Even when Democrats controlled both houses of Congress in 2009-10, they couldn’t pass the Dream Act of amnesty for young people brought to the United States illegally by their parents more than five years ago. So President Barack Obama simply declared it the law via executive fiat.
Clearly a Chief Executive has prosecutorial discretion, but ordinarily the judicial branch is bound by statutes lawfully enacted by Congress if there is a conflict.
Georgia is not one of the 13 states that have passed state-Dream Acts, and only allows in-state tuition for students that can document their “lawful presence” in the United States. But the Peach State statute doesn’t define “lawful presence”.
A lawsuit brought in this writer’s home county of DeKalb will test both the applicability of President Obama’s order and the Georgia’s law:
DECATUR — A judge said Thursday that he needs more information and time to decide the case of a group of young people who were brought to the U.S. illegally as children and want the Georgia university system to grant them in-state tuition.
The roughly three dozen young immigrants have been granted temporary permission to stay in the U.S. under an Obama administration policy introduced last year. They filed a lawsuit in August asking a judge to instruct the university system’s Board of Regents to allow them to qualify for in-state tuition.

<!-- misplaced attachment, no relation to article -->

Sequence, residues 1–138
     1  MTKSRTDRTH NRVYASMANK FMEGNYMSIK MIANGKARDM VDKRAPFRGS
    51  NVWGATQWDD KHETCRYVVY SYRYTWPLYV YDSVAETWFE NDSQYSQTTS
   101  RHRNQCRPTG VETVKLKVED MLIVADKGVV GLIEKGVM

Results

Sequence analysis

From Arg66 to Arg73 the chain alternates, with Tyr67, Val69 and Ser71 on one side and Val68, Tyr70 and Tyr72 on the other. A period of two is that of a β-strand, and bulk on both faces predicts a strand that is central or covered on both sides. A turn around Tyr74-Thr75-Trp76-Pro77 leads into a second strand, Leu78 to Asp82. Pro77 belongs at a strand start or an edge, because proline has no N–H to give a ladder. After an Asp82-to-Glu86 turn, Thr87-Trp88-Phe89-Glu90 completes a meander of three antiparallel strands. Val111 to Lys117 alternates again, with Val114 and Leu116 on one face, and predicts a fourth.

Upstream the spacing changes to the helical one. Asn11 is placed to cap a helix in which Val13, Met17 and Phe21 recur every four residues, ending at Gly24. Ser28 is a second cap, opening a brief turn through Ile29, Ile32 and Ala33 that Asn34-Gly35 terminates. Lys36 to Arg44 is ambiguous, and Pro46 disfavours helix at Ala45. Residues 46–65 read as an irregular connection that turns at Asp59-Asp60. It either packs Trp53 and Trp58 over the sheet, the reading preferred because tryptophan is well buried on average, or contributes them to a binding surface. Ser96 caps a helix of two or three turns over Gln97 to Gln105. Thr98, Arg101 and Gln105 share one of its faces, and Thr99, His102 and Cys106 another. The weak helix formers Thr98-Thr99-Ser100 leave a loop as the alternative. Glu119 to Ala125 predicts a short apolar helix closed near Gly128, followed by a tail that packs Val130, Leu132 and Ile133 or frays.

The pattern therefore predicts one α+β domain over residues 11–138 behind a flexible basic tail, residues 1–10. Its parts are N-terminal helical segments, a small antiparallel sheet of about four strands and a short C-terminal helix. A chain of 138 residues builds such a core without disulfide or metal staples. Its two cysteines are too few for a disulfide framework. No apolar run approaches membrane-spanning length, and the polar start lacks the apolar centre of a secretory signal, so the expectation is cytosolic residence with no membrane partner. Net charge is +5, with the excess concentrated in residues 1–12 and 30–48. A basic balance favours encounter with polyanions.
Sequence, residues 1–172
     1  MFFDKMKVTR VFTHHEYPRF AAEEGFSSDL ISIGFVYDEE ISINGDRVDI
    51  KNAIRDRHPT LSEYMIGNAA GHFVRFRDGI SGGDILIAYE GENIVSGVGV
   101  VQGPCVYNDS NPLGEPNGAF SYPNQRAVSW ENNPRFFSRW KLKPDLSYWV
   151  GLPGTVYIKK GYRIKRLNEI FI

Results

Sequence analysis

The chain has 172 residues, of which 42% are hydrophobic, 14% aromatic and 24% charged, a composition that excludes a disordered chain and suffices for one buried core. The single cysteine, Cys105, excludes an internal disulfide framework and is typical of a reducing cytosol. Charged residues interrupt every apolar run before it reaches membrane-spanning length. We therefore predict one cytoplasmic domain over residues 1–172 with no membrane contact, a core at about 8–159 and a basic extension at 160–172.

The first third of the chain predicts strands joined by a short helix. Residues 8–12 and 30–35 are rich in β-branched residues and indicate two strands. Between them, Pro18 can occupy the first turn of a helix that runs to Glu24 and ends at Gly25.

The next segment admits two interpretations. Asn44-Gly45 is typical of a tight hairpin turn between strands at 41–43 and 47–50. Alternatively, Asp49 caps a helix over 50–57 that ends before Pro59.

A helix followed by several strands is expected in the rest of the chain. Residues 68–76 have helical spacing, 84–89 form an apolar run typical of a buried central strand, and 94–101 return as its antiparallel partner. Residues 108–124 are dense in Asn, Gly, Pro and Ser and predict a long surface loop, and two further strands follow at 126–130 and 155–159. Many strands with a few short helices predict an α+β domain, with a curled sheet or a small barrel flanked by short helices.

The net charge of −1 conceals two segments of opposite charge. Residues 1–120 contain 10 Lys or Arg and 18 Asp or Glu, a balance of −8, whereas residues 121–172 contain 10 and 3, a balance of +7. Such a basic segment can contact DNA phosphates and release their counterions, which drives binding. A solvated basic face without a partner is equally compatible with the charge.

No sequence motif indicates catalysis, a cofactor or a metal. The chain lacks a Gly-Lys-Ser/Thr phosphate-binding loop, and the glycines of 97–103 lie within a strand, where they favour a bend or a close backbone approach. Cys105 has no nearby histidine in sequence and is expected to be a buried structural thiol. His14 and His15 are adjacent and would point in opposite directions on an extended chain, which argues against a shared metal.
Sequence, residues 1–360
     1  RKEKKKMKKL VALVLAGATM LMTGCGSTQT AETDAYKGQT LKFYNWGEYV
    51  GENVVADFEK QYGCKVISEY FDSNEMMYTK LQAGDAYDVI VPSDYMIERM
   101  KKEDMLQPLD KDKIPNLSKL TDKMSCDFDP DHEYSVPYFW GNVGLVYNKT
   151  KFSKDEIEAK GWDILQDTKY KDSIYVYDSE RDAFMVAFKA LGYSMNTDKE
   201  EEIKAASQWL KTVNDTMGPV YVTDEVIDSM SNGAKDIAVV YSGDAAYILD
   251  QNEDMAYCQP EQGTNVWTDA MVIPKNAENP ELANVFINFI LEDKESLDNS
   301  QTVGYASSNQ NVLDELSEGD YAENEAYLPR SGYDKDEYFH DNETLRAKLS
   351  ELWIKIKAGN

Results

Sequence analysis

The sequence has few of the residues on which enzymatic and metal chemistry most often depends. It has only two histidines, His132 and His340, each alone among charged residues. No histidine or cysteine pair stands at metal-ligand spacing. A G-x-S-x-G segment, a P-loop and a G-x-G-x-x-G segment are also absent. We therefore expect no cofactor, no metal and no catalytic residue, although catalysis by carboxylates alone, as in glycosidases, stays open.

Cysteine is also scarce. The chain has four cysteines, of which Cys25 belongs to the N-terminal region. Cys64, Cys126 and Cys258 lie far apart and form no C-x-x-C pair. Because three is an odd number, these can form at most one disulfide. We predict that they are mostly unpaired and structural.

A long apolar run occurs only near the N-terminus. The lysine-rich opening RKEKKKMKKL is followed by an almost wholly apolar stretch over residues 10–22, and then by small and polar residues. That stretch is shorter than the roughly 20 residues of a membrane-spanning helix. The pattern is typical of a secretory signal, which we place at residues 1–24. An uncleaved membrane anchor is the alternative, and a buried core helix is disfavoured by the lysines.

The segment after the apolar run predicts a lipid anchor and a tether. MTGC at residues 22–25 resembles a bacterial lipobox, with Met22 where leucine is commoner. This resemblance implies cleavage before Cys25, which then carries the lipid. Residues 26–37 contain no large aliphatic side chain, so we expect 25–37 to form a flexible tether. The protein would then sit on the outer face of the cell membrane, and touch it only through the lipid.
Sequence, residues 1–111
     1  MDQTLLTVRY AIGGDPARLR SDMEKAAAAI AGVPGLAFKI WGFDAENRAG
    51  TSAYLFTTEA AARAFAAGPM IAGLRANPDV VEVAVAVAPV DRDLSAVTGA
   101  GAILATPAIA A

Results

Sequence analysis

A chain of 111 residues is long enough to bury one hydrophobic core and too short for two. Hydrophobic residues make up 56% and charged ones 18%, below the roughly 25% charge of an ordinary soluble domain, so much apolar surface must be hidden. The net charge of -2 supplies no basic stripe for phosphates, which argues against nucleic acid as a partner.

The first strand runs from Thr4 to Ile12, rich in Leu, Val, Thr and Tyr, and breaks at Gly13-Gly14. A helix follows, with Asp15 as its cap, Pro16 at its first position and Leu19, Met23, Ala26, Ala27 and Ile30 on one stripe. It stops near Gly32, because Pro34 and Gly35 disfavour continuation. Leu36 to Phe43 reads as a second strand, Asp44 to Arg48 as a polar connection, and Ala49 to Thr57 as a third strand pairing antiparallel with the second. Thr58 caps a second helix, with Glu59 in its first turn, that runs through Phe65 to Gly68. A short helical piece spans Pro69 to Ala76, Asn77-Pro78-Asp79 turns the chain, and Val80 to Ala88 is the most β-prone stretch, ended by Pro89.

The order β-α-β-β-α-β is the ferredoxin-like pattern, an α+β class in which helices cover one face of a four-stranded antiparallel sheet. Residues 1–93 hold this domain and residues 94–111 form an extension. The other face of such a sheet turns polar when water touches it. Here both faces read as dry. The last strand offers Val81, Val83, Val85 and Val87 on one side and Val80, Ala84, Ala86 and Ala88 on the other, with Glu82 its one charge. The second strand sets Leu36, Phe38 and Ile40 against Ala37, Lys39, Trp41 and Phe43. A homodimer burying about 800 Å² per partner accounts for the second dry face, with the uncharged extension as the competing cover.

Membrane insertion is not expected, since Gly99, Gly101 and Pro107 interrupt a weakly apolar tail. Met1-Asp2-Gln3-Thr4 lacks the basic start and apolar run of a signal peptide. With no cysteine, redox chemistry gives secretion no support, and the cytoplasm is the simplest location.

At a hearing Thursday, DeKalb County Superior Court Judge Mark Anthony Scott heard arguments on the state’s request to move the case to Fulton County Superior Court because that’s where the Board of Regents is located. Charles Kuck, a lawyer for the young immigrants, argued that the board can be sued in any county where it has a school. Scott said the arguments were complex and asked both lawyers to submit an additional filing within 60 days…
The Georgia university system requires any student seeking in-state status for tuition purposes to provide verification of “lawful presence” in the U.S. The Regents have said students with temporary permission to stay under the new program — known as Deferred Action for Childhood Arrivals or DACA — do not meet that requirement. But the Regents’ policy does not define “lawful presence,” the lawsuit says.
The [Obama policy] allows young people brought to the U.S. illegally as children to obtain work permits for two years if they meet certain requirements. The Department of Homeland Security considers people who have qualified [under the Obama order] to be lawfully present, according to a fact sheet on the website of U.S. Citizenship and Immigration Services. – The Marietta Daily Journal
Given the Supreme Court’s 2012 ruling in Arizona v. U.S. striking down much of that state”s illegal immigration law in 2012, a portion of which sought to define illegal residency for state law enforcement purposes, may persuade the Georgia court to accept the Obama policy as controlling. But unlike the Arizona case however, the federal government bases its lawful presence policy solely upon an executive order and not pursuant to a bill enacted by Congress. But also unlike the Arizona case, the Georgia matter concerns entitlement to state funds which may enhance its Tenth Amendment power.